Tesla Model X Driver Condemns Melbourne Crash Autopilot-Report
May 16,2022 | Chloe Lacour
The owner of the Tesla Model X in Melbourne claimed that his car was in autopilot mode when turning obstacles.
The driver told 9News that he was driving at less than 60km / h with the autopilot when the vehicle began to shake and lose control.
He claims that he has never had a problem with the autopilot.
The collision caused serious damage to the vehicle, lost the wheels, and left them on the guardrail. The driver was not injured.
It happened during the rush hour at Wrundjeri Way in the Docklands community in central Melbourne.
The accident occurs two months after a Melbourne driver who claimed to be using autopilot was involved in a more serious collision with a pedestrian.
The victim was crossing Wattletree Road towards a tram in the southeastern suburbs of Armadale around 6:30 am, allegedly beaten by a 23-year-old driver.
She was thrown 15 meters and taken to the hospital in crisis.
The driver is said to have escaped from the scene and then returned. She was subsequently released on bail on suspicion of seriously injured and dangerous driving, did not stop at the scene of the accident, and did not provide assistance.
She reportedly told the court that her car's autopilot was on and thought she had more time to slow down before the tram stopped.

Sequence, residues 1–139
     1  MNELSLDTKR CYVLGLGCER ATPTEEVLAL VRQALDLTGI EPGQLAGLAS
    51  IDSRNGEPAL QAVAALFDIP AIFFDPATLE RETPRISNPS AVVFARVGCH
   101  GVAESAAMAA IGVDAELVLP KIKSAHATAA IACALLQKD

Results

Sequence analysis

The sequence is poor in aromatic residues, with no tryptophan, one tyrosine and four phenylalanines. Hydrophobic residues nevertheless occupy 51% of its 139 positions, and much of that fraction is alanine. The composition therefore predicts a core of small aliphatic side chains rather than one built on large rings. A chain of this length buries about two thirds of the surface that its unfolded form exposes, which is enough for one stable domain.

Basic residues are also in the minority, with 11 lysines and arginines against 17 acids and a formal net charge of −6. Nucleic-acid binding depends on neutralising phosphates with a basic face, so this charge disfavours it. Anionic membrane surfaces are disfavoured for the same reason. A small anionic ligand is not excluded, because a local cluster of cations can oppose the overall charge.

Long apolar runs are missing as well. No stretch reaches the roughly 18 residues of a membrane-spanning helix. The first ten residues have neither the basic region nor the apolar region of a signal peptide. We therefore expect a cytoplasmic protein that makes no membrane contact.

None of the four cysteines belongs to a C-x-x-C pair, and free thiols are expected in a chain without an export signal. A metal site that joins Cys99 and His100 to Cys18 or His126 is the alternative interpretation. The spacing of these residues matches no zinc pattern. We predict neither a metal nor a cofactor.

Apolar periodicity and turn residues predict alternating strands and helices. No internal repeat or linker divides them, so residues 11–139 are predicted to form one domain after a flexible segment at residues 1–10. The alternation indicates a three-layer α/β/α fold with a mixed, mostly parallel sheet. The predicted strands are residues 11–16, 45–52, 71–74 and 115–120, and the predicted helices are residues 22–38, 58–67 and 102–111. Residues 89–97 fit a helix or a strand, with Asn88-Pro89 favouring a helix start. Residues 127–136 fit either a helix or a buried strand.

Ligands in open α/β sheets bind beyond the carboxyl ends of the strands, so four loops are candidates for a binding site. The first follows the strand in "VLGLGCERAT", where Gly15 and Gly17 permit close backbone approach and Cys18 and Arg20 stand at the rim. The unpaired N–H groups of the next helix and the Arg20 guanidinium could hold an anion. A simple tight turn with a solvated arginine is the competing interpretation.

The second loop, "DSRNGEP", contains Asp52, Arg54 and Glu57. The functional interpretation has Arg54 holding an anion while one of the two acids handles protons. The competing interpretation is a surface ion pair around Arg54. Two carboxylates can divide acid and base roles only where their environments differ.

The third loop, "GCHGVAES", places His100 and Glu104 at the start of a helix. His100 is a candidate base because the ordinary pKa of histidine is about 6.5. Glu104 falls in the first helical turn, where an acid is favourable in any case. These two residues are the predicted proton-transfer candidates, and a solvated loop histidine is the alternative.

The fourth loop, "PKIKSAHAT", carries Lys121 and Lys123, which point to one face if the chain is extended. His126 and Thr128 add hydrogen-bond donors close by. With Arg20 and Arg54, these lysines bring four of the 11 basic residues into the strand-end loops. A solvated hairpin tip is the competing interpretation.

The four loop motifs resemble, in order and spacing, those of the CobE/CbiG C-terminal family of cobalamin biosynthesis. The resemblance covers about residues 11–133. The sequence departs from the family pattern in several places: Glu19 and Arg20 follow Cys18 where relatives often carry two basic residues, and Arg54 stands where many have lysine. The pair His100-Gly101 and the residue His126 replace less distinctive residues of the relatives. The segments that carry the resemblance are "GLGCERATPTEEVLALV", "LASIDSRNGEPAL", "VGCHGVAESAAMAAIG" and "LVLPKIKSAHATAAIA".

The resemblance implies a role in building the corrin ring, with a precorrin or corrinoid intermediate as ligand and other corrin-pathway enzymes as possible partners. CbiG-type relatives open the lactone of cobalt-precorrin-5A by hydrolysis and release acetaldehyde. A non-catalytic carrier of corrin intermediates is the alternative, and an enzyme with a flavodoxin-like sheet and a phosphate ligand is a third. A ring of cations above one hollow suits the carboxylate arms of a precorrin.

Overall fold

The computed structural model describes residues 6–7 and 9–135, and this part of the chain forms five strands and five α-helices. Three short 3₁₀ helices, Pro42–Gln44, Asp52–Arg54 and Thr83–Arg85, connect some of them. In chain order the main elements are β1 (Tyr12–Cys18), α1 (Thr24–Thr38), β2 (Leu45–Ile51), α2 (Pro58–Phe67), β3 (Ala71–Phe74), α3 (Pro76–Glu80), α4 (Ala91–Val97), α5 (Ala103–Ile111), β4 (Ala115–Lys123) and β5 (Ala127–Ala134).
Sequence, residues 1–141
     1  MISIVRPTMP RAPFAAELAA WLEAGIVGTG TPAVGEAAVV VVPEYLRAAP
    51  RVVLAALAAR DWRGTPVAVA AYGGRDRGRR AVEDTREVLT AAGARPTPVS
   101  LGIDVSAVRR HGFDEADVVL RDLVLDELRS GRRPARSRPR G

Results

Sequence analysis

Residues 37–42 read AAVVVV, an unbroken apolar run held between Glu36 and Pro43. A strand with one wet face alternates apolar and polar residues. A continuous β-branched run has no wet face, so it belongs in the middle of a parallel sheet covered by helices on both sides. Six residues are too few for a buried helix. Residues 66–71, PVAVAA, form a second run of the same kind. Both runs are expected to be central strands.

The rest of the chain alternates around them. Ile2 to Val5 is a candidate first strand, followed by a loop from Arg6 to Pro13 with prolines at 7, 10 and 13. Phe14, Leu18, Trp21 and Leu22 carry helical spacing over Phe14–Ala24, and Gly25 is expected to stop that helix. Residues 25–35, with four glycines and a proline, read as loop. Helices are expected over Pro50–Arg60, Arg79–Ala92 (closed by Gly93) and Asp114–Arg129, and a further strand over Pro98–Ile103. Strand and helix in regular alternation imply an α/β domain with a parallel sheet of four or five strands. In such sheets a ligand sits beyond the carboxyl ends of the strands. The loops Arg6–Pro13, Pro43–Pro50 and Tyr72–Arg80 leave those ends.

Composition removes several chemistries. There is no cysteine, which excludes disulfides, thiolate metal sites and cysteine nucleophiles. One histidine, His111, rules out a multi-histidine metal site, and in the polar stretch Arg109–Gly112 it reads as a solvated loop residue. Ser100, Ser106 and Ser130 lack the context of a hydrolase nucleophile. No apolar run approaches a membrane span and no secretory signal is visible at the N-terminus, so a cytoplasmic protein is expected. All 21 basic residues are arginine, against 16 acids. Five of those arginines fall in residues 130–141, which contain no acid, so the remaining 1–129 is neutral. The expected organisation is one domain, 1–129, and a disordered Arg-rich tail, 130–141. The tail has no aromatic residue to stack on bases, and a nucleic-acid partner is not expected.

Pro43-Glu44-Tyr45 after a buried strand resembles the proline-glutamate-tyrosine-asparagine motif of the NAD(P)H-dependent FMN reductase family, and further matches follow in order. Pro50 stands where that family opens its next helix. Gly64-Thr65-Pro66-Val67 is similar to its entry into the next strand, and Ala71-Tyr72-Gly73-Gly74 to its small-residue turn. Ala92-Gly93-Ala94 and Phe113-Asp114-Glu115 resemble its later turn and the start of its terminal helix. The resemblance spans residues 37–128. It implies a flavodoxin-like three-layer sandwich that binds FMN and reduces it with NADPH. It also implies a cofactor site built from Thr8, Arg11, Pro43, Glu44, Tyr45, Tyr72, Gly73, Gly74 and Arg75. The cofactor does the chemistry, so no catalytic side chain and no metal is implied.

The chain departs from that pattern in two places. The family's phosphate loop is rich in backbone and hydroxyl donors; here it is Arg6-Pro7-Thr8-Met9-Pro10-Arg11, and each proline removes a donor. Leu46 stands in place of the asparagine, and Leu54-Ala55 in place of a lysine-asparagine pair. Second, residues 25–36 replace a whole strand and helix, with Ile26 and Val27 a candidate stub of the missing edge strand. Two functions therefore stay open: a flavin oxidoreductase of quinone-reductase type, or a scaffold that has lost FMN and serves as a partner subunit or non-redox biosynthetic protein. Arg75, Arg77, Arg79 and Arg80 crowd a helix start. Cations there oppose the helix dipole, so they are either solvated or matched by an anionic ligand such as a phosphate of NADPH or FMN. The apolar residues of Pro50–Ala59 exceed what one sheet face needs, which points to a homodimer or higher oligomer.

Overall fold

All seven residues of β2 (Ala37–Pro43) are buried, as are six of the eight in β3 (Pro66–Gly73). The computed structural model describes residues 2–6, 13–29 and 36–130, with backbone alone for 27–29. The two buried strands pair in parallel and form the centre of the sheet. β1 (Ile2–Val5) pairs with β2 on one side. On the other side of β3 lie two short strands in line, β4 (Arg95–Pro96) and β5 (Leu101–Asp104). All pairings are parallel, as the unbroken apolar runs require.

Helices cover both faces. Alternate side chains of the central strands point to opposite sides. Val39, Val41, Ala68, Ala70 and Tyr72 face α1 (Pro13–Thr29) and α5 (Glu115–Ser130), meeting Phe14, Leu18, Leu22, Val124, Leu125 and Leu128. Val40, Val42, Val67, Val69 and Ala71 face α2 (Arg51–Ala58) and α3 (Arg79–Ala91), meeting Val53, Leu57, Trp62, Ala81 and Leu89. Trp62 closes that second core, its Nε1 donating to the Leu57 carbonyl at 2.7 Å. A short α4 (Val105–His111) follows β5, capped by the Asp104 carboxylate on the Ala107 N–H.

Her driver's license has also been previously revoked and her Model 3 is wearing a P-plate.
This is reportedly the first crash, including Tesla, by a Victorian major collision investigation unit.
Autopilot allows Tesla's vehicles to automatically steer, accelerate, and brake lines, but Tesla requires active driver supervision for Level 2 autonomous driving technology. It warns that the vehicle will not be self-driving.
The driver needs to put his hand on the steering wheel and look at the road.
Overseas, there have been many high-profile crashes related to Tesla's autopilot technology, which usually involves one vehicle colliding with another.
The National Highway Traffic Safety Administration (NHTSA) began investigating autopilots last August, investigating 12 collisions related to driver assistance systems.
Eleven of them collided with an emergency vehicle that Tesla parked on the road, and the twelfth involved a truck parked by the Florida Department of Transportation in response to a previous highway collision.
In one of the crashes, the driver was allegedly playing with his cell phone, and in the other two, the driver was allegedly drunk driving. Most crashes also occurred at night.
Although no 12 deaths have been reported, NHTSA is also investigating a car accident that killed a pedestrian in New York on July 26, 2021.
Jean-Louis, 52, was attacked by a Tesla driver who appears to be using an autopilot while trying to repair his car's tires on the Long Island Highway.